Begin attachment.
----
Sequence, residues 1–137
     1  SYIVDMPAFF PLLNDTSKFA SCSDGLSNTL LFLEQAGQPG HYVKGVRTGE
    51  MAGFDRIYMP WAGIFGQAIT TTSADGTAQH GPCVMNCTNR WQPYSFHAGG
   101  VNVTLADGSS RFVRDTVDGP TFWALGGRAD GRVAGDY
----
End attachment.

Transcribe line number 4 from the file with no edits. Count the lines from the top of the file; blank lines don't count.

   101  VNVTLADGSS RFVRDTVDGP TFWALGGRAD GRVAGDY